Abstract
Tissue-resident memory T cells (Trm) represent a new subset of long-lived memory T cells that remain in tissue and do not recirculate. Although they are considered as early immune effectors in infectious diseases, their role in cancer immunosurveillance remains unknown. In a preclinical model of head and neck cancer, we show that intranasal vaccination with a mucosal vector, the B subunit of Shiga toxin, induces local Trm and inhibits tumour growth. As Trm do not recirculate, we demonstrate their crucial role in the efficacy of cancer vaccine with parabiosis experiments. Blockade of TFGβ decreases the induction of Trm after mucosal vaccine immunization, resulting in the lower efficacy of cancer vaccine. In order to extrapolate this role of Trm in humans, we show that the number of Trm correlates with a better overall survival in lung cancer in multivariate analysis. The induction of Trm may represent a new surrogate biomarker for the efficacy of cancer vaccine. This study also argues for the development of vaccine strategies designed to elicit them.

PMID: 28537262 [PubMed - in process]

Viroimmunotherapy of Thoracic Cancers.

Fri, 05/26/2017 - 12:45
Related Articles

Viroimmunotherapy of Thoracic Cancers.

Biomedicines. 2017 Jan 04;5(1):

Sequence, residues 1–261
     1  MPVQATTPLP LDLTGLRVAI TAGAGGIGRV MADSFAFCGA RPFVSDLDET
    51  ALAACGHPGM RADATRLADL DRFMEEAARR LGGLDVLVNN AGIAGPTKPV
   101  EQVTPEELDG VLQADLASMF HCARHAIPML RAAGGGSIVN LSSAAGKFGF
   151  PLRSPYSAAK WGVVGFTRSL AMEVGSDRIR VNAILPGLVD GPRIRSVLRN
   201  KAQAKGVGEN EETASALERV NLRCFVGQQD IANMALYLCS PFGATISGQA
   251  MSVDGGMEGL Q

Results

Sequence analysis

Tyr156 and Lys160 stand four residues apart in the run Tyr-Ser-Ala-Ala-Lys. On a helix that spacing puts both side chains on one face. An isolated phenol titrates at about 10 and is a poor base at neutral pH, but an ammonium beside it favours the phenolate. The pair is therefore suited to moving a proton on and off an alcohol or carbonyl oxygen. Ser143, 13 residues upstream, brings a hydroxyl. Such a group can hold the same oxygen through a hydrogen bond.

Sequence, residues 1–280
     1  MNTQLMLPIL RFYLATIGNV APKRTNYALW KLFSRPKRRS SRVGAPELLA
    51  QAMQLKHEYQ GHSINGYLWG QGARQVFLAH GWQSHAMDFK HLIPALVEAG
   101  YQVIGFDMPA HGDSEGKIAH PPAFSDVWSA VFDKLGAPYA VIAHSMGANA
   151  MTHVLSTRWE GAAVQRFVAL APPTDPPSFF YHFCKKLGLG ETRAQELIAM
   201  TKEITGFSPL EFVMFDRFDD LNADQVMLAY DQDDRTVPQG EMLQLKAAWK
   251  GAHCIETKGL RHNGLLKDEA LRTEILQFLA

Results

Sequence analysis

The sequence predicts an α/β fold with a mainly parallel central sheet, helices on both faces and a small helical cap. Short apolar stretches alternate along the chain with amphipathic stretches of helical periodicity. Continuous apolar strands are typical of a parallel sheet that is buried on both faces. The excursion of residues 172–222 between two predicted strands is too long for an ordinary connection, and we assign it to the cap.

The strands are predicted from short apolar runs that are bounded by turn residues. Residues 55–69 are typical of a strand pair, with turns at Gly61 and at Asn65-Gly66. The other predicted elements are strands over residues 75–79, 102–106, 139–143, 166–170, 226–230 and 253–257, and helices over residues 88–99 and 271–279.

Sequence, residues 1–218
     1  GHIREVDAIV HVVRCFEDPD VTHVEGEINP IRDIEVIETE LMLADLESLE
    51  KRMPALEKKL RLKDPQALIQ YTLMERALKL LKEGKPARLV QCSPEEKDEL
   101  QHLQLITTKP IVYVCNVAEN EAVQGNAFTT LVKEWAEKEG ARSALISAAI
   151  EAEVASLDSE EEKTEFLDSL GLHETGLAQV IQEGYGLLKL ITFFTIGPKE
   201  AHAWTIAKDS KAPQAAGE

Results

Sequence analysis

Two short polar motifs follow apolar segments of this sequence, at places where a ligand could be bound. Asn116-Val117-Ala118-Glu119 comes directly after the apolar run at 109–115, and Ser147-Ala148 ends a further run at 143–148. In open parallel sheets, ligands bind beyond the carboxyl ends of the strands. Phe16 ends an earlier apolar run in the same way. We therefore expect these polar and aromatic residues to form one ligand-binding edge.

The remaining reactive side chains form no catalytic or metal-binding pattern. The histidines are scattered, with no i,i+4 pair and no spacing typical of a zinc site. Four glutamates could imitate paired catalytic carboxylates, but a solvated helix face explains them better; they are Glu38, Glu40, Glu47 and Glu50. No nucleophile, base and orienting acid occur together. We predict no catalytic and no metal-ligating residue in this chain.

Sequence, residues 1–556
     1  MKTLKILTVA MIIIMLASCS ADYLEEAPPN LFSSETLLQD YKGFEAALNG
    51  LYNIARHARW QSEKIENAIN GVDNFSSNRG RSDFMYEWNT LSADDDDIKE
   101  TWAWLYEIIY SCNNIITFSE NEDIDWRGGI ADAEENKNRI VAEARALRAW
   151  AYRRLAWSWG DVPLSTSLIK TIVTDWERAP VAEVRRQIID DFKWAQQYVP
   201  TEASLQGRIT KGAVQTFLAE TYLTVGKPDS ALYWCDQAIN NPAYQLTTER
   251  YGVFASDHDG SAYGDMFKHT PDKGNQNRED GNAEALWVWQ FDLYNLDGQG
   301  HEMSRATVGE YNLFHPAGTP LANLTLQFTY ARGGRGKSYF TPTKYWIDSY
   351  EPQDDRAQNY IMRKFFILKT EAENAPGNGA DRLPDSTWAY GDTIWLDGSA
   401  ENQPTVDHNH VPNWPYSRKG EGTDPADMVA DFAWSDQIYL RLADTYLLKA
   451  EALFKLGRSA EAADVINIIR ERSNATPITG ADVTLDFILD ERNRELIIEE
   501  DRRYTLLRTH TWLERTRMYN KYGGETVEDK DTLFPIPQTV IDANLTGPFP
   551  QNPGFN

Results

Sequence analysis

Authors: Dash AS, Patel MR

Abstract
Thoracic cancers, including non-small cell lung cancer (NSCLC), small cell lung cancer (SCLC), and malignant pleural mesothelioma (MM), cause the highest rate of cancer mortality worldwide. Most of these deaths are as a result of NSCLC; however, prognoses for the other two diseases remain as some of the poorest of any cancers. Recent advances in immunotherapy, specifically immune checkpoint inhibitors, have begun to help a small population of patients with advanced lung cancer. People who respond to these immune therapies generally have a durable response and many see dramatic decreases in their disease. However, response to immune therapies remains relatively low. Therefore, intense research is now underway to rationally develop combination therapies to expand the range of patients who will respond to and benefit from immune therapy. One promising approach is with oncolytic viruses. These oncolytic viruses (OVs) have been found to be selective for or have been engineered to preferentially infect and kill cancer cells. In pre-clinical models of different thoracic cancers, it has been found that these viruses can induce immunogenic cell death, increase the number of immune mediators brought into the tumor microenvironment and broaden the neoantigen-specific T cell response. We will review here the literature regarding the application of virotherapy toward augmenting immune responses in thoracic cancers.

PMID: 28536345 [PubMed - in process]

Pages